“Our community and our city lost a trailblazer, mentor to many and the voice who advocated for many through her work and poetry — Janice Mirikitani,” said Grace Horikiri, executive director of the Nihonmachi Street Fair.
“The Nihonmachi Street Fair is deeply saddened on the unexpected passing of our community sister, Janice Mirikitani. Not only did she and her husband, Rev. Cecil Williams, co-found Glide … but through her poetry and writing she showed us courage and spoke for those who could not.
“It was Janice’s advocacy that helped save the Nihonmachi Street Fair by getting funding through the Grants for the Arts. We are forever grateful. This year’s 47th annual Nihonmachi Street Fair will be dedicated to her memory. Rest in peace, Janice.”
Local elected officials reacted to Mirikitani’s passing.
State Sen. Scott Wiener (D-San Francisco): “I’m beyond heartbroken that our beloved Janice Mirikitani has passed. Jan was one of the most exceptional human beings I’ve ever met, combining strength and love like no one else. My condolences to the love of her life — Rev. Cecil Williams — to the entire Glide community, and to all of San Francisco. This is a huge loss for our community.”
Assemblymember David Chiu (D-San Francisco): “I think San Francisco’s reeling today … She was our poet. She was our muse. She taught us all what it means to leave unconditionally, but also to fight for social justice.”
San Francisco Supervisor Matt Haney: “We lost a legend today, the First Lady of the Tenderloin, a poet, someone who loved people, all people, and had endless compassion, grace, and vision. Rest in power, Dr. Janice Mirikitani. I grieve with the Glide community and the countless people whose lives she touched.”
San Francisco Mayor London Breed: “Jan Mirikitani was one of our city’s true lights. She was a visionary, a revolutionary artist, and the very embodiment of San Francisco’s compassionate spirit. As a poet, including as poet laureate of this city from 2000 to 2002, she used the power of her words to further the fight for equality and to call for a more just and peaceful world. Through her work at Glide Memorial Church, along with her husband the Rev. Cecil Williams, she served our most vulnerable residents for decades and provided a place of refuge and love for all. She was boundless in her energy and in her devotion to this city and to her fellow San Franciscans. My heart goes out to her friends and family, especially to Cecil. She was loved and will never be forgotten.”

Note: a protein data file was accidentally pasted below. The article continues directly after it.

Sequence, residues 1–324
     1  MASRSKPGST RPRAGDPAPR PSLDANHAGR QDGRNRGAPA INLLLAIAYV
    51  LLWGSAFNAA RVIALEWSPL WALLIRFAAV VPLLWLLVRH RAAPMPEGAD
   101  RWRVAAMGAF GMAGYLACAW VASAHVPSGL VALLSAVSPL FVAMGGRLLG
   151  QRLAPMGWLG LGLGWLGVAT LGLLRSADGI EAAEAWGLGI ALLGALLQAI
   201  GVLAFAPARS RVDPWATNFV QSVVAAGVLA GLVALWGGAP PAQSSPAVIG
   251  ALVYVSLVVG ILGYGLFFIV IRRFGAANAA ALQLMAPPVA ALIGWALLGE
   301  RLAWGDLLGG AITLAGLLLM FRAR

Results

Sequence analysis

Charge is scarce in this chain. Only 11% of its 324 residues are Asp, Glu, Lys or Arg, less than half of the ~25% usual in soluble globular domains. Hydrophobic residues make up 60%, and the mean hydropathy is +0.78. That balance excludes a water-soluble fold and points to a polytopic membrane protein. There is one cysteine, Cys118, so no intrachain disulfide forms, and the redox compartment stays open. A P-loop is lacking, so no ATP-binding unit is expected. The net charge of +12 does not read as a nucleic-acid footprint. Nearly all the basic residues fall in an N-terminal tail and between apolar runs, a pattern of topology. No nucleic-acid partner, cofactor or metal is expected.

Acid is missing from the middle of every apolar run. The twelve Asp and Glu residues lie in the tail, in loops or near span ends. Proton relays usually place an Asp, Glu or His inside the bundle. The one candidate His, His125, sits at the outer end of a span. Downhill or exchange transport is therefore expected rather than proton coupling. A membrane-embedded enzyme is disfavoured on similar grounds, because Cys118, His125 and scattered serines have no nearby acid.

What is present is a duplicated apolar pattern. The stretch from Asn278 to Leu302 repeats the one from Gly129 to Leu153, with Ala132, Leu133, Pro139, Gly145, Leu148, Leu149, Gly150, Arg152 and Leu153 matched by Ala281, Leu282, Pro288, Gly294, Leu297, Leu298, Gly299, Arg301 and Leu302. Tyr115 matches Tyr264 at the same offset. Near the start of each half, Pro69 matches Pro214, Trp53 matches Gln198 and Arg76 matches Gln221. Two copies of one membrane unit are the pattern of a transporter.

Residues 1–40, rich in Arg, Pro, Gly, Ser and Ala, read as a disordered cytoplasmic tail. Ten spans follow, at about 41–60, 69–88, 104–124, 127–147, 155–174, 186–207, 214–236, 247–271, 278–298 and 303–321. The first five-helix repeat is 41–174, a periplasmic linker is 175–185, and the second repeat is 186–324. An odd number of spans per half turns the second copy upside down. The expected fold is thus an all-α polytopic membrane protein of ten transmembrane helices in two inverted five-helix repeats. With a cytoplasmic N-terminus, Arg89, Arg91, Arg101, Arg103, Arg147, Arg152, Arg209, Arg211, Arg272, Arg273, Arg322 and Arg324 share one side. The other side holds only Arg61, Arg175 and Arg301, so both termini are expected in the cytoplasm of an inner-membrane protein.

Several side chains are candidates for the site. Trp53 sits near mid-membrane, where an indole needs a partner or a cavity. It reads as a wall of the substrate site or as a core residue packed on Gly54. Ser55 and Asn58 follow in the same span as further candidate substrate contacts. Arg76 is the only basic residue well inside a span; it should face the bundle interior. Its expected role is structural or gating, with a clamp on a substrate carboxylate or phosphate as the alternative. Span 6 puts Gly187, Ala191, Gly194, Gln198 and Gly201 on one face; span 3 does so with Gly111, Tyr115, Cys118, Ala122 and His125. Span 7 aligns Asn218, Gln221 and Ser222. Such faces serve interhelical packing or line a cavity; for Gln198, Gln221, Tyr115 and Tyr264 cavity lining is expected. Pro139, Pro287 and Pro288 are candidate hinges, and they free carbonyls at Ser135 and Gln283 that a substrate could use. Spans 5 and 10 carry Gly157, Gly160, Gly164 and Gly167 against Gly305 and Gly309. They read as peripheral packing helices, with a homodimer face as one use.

San Francisco District Attorney Chesa Boudin: “Heartbroken to learn of the passing of Janice Mirikitani, SF poet laureate, cofounder of Glide, and a visionary, impactful person. She read a poem at our recent summit on hate crimes and keeping the AAPI community safe, moving us all with the power of her words. Rest in power.”
Former San Francisco Supervisor Bevan Dufty: “I never imagined a San Francisco without Janice Mirikitani. Her passion, drive, vision, courage and deepest love for her soulmate Rev Cecil and the entire Glide community seemed beyond the hands of time. Her achievements and ethos will always inspire me.”
Biographical material from Densho